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AFL legend Gary Ablett Sr reveals he has significant brain damage from football career

Football great Gary Ablett Sr has revealed he has ‘significant brain damage’ from his illustrious 248-game career.

Ablett, 61, said he had experienced ‘headaches and skull pressure’ from 2010, which then progressed into migraines, insomnia, blurred vision, significant memory loss, anxiety, fatigue and severe depression.

The scans revealed he had suffered ‘significant structural and functional brain damage’.

The AFL legend told the Herald Sun he went to get scans for CTE so he could at least identify the reasons behind his chronic headaches and fatigue.

‘From 2015 onwards, and almost every day, there were signs that things had changed, then about 12 months ago I started getting symptoms that alarmed me to the point where I contacted Peter Jess, whom I’m aware has been a concussion advocate for a number of past players,’ Ablett said.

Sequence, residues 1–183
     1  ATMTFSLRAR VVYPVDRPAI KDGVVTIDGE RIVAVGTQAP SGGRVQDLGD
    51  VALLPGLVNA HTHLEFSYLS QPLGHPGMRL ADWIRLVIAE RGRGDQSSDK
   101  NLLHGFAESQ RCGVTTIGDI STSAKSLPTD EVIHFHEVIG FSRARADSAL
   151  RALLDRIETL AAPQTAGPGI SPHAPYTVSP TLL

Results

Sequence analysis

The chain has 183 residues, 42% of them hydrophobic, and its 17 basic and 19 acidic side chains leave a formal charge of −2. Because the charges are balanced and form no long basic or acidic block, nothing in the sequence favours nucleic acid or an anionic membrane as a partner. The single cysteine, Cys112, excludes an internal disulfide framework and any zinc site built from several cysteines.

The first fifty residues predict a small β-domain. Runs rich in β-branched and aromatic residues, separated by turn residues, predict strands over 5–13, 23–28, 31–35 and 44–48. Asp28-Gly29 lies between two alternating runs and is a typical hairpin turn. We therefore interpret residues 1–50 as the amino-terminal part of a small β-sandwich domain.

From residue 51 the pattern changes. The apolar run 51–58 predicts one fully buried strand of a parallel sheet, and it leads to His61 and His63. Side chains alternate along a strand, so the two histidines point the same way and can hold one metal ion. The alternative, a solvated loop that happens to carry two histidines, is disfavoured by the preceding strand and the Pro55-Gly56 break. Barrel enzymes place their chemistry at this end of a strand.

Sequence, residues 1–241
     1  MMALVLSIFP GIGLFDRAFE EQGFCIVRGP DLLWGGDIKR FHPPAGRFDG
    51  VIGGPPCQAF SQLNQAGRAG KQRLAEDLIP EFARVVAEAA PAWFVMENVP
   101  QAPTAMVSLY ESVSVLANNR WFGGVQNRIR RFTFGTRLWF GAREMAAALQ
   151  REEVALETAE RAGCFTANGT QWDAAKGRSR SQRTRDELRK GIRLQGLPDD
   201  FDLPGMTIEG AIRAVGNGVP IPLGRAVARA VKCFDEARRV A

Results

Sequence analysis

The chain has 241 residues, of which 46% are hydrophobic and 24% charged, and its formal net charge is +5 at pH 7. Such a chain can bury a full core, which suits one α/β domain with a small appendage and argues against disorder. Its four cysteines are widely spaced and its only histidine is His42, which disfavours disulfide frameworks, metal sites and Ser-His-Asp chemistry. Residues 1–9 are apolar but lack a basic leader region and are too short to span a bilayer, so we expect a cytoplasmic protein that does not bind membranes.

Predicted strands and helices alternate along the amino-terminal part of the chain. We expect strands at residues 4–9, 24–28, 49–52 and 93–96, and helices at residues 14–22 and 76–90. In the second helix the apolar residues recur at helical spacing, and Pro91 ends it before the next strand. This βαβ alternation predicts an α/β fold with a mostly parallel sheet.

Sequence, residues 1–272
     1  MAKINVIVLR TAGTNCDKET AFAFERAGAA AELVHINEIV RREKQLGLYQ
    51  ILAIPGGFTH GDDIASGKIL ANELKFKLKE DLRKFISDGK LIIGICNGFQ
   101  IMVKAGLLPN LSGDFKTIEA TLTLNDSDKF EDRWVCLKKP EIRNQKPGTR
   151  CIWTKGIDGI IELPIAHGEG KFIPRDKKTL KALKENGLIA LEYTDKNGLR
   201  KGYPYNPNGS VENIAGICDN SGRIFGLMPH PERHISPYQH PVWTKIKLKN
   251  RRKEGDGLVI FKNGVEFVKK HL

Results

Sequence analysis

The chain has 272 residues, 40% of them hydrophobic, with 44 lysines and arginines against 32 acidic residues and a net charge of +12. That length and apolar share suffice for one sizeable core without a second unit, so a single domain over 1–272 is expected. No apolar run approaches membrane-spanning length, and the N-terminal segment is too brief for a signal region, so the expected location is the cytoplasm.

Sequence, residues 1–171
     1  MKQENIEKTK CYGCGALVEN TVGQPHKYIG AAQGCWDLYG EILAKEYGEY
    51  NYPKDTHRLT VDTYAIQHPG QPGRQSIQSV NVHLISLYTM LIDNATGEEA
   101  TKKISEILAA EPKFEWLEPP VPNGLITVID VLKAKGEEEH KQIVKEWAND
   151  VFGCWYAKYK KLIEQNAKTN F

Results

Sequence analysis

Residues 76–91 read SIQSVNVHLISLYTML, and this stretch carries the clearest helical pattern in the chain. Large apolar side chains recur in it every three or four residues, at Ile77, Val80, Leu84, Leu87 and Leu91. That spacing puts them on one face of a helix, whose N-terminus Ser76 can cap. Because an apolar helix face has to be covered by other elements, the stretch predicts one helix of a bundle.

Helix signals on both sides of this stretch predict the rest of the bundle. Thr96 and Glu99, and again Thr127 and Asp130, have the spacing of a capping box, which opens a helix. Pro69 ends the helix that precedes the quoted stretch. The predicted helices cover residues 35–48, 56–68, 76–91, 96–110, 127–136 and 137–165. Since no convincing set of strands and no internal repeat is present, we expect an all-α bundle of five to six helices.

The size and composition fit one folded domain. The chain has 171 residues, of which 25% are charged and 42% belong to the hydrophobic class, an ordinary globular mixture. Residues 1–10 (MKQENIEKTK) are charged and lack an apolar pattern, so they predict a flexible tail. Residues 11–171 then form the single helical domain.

‘I told him of my concerns and Peter helped organise a MEG scan that the American Military use. It showed I have significant structural and functional brain damage.’

Ablett has since seen a psychiatrist once a month and is receiving medical treatment for his headaches and depression.

The AFL legend who booted 1025 goals for Geelong between 1984-1996, found himself unable to work in recent months and approached the AFL Players Association for financial help.

Source of data and images: dailymail

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